This extension effectively merges the AMD_vertex_shader_layer and
AMD_vertex_shader_viewport_index extensions together and extends them further
to allow both outputs to be written from tessellation evaluation shaders.
New Procedures and Functions
None.
New Tokens
None.
Additions to Chapter 9 of the OpenGL 4.5 (Core) Specification (Framebuffers
and Framebuffer Objects)
Modify section 9.8, "Layered Framebuffers" as follows:
Remove the bullet list explaining when layer number zero is used
and replace the language with:
The layer number of a fragment is zero if no vertex processing shader
(vertex, tessellation evaluation or geometry) statically assigns a value
to the built-in output gl_Layer.
Replace the following paragraph with:
Otherwise, the layer for each point, line, or triangle is taken from
the gl_Layer output of the last active vertex processing stage to one of
the vertices of the primitive. The vertex used is implementation-dependent.
To get defined results, all vertices of each primitive should set the same
value for gl_Layer. The layer number written by a vertex procesing shader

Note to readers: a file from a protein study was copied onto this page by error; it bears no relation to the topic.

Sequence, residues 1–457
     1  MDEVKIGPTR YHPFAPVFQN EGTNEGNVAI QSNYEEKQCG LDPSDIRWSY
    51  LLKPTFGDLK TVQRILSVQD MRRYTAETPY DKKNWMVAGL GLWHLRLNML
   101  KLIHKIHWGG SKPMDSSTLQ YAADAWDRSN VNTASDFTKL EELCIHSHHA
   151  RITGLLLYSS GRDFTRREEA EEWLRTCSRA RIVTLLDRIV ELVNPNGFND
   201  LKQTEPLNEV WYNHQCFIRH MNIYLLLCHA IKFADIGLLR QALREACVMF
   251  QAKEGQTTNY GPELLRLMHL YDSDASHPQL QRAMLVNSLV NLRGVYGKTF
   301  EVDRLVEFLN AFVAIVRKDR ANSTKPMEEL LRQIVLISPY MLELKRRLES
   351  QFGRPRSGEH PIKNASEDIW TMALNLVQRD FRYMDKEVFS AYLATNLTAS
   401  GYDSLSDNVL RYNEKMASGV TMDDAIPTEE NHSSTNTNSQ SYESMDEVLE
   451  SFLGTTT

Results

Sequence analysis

has no effect if the framebuffer is not layered.
Additions to Chapter 11 of the OpenGL 4.5 (Core) Specification (Programmable
Vertex Processing)
Add the following to Subsection 11.1.3.10, "Shader Outputs"
The built-in output gl_Layer is used in layered rendering, and is
discussed further in the next section.
The built-in output gl_ViewportIndex is used to direct rendering
to one of several viewports and is discussed further in the next section.
Move Subsection 11.3.4.6, "Layer and Viewport Selection" into a new section
11.4, "Layer and Viewport Selection", renumber surrounding sections
appropriately.
Replace all instances of "Geometry shaders" in Section 11.4 with
"Vertex, tessellation and geometry shaders".
Additions to Chapter 13 of the OpenGL 4.5 (Core) Specification (Fixed-Function
Vertex Post-Processing)